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Sophie Gilbert and David Sims will be discussing the new season of Netflix’s Black Mirror, considering alternate episodes. I’m such a devoted Andrea Riseborough fan that I’d pay money to watch her read the phone book, so the episode felt like a colossal disappointment.
I’m so fascinated by how they choose the episode order of seasons.
Who decided to make the first story most viewers will see in the series one where the British Prime Minister has sex with a pig?
If you’re bingeing Season 4, what’s the emotional impact of swooping from the kitschy “USS Callister” to the bleak “Arkangel” to the even bleaker “Crocodile” to an episode like “Hang the DJ”—a segue that needs a Monty Python–esque disclaimer of, “And now for something completely different”?
I enjoyed “Hang the DJ” a lot, although it sagged a little in the middle, like episodes tend to do.
But the twist in the end turned a sweet-love-story-slash-Tinder-fable into something more intriguing, and the way the chapter hinted at a larger conspiracy throughout was masterfully structured.
In the episode’s concept, Frank (Joe Cole) and Amy (Georgina Campbell) are both new members of a dating program that pairs them up for dinner.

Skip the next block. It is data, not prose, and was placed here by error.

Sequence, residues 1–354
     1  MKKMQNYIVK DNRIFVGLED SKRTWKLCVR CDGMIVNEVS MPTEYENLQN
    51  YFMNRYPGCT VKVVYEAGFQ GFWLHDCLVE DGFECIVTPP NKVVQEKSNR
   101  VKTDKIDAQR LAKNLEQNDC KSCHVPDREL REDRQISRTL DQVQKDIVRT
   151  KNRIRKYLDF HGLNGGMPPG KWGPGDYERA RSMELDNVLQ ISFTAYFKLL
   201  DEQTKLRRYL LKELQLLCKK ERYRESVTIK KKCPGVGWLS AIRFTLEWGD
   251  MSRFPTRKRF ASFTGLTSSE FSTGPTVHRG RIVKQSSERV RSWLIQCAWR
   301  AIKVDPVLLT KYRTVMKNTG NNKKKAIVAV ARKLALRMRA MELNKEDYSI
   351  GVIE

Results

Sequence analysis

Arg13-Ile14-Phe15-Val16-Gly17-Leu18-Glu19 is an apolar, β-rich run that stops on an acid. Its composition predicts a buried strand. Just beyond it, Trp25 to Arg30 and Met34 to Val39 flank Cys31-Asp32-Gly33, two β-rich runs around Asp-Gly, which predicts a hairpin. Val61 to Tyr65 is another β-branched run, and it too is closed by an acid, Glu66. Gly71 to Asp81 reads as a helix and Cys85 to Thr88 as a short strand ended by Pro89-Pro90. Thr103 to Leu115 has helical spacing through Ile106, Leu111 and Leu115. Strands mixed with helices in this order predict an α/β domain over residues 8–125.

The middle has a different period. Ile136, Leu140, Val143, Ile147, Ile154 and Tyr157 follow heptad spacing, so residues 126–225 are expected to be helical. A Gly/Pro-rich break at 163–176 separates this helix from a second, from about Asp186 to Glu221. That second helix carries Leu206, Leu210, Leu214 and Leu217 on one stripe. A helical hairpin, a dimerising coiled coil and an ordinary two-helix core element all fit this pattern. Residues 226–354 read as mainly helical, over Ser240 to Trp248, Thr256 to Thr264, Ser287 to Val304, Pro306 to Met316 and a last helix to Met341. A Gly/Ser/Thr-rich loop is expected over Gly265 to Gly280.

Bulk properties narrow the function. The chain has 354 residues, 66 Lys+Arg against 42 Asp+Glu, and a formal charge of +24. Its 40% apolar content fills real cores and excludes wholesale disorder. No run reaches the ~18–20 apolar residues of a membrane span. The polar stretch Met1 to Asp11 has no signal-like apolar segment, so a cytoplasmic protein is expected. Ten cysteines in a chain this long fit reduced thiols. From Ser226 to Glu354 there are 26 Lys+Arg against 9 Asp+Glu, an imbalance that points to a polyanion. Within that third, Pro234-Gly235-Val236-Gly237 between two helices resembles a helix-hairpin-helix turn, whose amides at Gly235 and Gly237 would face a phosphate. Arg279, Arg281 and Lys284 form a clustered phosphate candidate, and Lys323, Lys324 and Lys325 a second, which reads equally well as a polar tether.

So far, so conventional—but there are signs that something is different.
Two bouncers lurk menacingly on the periphery, providing some sense that the dates in this world aren’t optional.
And Frank and Amy both have handheld devices that show them how long their relationship is going to last, which in this case is 12 hours. It feels at first like this is going to be a satire about snowflake millennials who don’t have the emotional maturity to actually date like adults.
Self-driving buggies transport them to a cabin, where they’re given the option to sleep together, or not. But there are other questions hovering around: Why do Frank, Amy, and all these other attractive young adults live inside some kind of sealed dome, “Hang the DJ,” directed by the TV veteran Tim Van Patten, has the artificial-world sheen of “Nosedive,” with its brightly colored cabins, soulless restaurants, and ubiquitous talking devices.